Business lawyer team. Working together of lawyer in the meeting.

An Ontario court ruled that it’s premature to appoint counsel to represent retail investors in the Bridging Finance Inc. (BFI) case, but the investor advisory groups proposed by PricewaterhouseCoopers Inc. (PwC), BFI’s receiver, have been given the go-ahead.

Chief Justice Geoffrey Morawetz of Ontario’s Superior Court of Justice denied a motion from Weisz, Fell, Kour LLP (WFK) asking the court to appoint WFK as representative counsel to defend the interests of retail investors in the BFI case.

At a hearing last week, WFK, acting on behalf of an “ad hoc group of retail investors” who lost money through BFI, argued that retail investors need counsel that is solely focused on defending their interests.

However, Morawetz ruled that the appointment of counsel for retail investors should be deferred for now, given that PwC has not yet been able to give a proper accounting of the BFI funds’ portfolios.

BFI was petitioned into receivership amid an investigation by the Ontario Securities Commission, which alleges it uncovered undisclosed conflicts of interest at BFI.

Inquiries by PwC have also found questionable transactions at BFI and evidence of a mass effort to delete emails. Additionally, one of the central figures in the disputed transactions, Sean McCoshen, has yet to answer PwC’s questions, citing unconfirmed medical reasons.

Given the circumstances, PwC has been unable to provide an accurate accounting of the BFI funds’ assets. Meanwhile, investors who are concerned about accessing their money have called for the BFI funds and/or the firm to be sold quickly so they can recover some assets.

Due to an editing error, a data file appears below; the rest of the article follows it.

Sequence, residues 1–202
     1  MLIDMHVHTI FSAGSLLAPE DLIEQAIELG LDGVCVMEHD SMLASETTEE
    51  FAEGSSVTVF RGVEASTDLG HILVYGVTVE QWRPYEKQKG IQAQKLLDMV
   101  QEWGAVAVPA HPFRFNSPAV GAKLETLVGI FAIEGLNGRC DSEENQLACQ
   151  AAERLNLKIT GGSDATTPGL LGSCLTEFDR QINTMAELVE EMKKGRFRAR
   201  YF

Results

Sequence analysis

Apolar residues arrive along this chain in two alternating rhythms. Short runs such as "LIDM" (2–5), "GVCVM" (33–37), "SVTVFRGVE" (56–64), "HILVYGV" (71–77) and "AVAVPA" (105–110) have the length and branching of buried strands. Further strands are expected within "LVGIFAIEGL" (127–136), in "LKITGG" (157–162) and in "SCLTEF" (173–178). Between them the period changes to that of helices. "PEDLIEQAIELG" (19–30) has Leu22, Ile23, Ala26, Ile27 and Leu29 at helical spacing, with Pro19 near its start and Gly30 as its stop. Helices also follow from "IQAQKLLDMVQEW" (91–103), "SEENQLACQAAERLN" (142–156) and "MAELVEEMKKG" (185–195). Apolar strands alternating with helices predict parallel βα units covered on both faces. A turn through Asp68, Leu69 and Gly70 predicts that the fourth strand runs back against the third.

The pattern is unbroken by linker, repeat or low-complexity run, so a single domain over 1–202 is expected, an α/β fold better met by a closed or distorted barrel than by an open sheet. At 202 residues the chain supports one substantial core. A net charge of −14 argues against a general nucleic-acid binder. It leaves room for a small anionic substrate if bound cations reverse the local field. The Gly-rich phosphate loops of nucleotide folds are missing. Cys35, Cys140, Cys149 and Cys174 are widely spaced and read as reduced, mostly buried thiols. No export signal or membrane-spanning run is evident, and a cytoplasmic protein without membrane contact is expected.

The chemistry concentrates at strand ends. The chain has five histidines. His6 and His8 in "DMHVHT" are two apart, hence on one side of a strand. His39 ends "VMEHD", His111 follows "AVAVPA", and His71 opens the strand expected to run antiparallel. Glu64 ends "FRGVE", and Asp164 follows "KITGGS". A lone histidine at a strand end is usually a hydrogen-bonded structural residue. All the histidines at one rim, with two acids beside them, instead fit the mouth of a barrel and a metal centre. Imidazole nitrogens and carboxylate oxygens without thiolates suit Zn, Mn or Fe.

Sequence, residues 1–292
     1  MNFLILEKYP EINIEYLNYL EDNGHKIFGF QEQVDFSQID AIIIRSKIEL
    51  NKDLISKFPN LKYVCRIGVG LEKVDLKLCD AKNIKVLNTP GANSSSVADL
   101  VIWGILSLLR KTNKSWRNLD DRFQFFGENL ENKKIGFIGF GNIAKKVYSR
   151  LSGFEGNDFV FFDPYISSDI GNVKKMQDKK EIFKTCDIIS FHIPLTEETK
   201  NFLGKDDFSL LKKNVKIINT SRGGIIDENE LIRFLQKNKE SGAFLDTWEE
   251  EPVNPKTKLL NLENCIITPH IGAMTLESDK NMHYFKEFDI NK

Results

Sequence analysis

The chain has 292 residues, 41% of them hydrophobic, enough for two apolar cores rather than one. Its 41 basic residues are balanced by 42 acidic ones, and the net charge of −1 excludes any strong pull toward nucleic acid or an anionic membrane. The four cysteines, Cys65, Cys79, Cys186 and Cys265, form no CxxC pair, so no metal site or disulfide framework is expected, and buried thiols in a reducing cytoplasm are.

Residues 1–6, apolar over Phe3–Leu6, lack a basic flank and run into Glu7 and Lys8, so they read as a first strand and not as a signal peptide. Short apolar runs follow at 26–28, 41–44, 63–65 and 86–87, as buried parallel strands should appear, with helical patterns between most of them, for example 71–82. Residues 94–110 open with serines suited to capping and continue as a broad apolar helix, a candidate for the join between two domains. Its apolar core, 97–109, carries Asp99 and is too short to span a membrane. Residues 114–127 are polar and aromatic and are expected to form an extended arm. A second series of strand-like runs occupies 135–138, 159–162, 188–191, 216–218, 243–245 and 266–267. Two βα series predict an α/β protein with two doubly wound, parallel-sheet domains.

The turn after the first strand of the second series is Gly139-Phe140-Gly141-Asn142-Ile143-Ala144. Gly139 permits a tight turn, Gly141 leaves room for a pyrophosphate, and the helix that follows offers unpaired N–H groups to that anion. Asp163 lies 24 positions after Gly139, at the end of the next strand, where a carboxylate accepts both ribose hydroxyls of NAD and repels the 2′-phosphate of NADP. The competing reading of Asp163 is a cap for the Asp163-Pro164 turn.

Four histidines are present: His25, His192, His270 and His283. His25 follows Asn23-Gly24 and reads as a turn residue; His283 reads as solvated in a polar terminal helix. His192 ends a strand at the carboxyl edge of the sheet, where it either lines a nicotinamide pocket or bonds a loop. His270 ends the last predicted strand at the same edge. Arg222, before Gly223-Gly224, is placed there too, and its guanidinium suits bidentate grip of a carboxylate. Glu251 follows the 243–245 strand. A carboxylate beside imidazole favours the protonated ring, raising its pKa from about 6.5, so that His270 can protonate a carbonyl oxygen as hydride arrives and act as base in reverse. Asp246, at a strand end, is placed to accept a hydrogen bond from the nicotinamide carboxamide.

But for now, the court has ruled that PwC should have more time to determine the funds’ financial condition before lawyers are appointed.

“The focus at the present time should be on the portfolio review and developing a strategy to maximize value for all stakeholders,” Morawetz wrote in his decision.

A proper accounting of the various funds’ assets will clarify where investors’ interests lie, the ruling suggested.

“It could very well be that the entitlement or potential entitlement of unitholders in the various funds will differ, which could in turn require the appointment of different representative counsel for different funds,” Morawetz said.

Morawetz dismissed WFK’s request with leave to review the issue in 60 days. In the meantime, he endorsed the appointment of two Limited Partner Advisory Committees (LPACs) sought by PwC.

WFK opposed the LPACs, citing concerns about institutional investors’ and investment advisors’ involvement in those committees.

However, the court ruled the committees can be appointed, but only for a limited time. They will provide input to PwC for 60 days, which could be extended by a further court order if necessary.

“It is my expectation that at the end of 60 days, the receiver should be in a position to report to the court on the portfolio review and also to provide information with respect to the reconciliation of inter-fund accounts,” the decision said.

The court also granted a variety of other approvals sought by PwC, including tolling the limitation period on potential civil claims for misrepresentation, repayment requests and a proposed employee retention plan.